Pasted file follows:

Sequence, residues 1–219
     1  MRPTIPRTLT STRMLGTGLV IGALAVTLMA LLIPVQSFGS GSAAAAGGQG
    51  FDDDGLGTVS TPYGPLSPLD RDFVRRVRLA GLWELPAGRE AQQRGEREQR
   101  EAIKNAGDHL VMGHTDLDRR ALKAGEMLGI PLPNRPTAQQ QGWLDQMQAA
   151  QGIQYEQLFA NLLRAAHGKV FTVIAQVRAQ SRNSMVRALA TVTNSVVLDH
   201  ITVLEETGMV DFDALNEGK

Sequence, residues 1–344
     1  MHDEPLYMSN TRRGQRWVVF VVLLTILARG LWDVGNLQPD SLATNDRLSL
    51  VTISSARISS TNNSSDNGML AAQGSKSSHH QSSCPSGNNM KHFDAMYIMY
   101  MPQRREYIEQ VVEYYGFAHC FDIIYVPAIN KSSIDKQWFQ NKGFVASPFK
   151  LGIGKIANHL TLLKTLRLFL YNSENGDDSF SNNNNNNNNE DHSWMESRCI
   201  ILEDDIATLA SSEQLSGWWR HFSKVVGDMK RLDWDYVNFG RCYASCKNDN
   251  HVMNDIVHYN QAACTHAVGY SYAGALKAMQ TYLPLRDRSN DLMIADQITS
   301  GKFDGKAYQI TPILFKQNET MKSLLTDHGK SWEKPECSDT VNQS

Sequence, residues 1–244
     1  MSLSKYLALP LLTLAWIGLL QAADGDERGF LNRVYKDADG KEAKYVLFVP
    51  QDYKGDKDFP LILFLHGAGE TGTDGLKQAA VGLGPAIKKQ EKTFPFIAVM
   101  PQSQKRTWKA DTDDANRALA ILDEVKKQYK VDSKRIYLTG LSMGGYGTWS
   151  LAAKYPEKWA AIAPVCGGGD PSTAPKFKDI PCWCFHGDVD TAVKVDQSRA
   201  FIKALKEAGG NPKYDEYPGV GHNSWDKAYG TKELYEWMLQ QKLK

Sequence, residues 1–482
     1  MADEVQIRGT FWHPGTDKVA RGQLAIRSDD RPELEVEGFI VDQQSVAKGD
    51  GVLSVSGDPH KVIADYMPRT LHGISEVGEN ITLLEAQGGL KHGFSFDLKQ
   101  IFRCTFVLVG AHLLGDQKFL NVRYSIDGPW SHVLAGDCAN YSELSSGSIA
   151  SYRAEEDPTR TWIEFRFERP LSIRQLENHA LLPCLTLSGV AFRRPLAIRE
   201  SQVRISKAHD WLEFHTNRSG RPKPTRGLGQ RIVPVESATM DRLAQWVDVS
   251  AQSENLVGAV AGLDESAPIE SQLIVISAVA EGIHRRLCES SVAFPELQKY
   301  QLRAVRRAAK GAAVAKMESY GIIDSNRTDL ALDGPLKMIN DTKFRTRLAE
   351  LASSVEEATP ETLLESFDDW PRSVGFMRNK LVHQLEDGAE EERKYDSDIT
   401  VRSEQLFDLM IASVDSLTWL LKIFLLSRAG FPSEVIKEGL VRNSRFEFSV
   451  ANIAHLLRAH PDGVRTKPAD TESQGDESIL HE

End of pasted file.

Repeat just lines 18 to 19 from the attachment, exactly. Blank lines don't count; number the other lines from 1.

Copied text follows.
   101  PQSQKRTWKA DTDDANRALA ILDEVKKQYK VDSKRIYLTG LSMGGYGTWS
   151  LAAKYPEKWA AIAPVCGGGD PSTAPKFKDI PCWCFHGDVD TAVKVDQSRA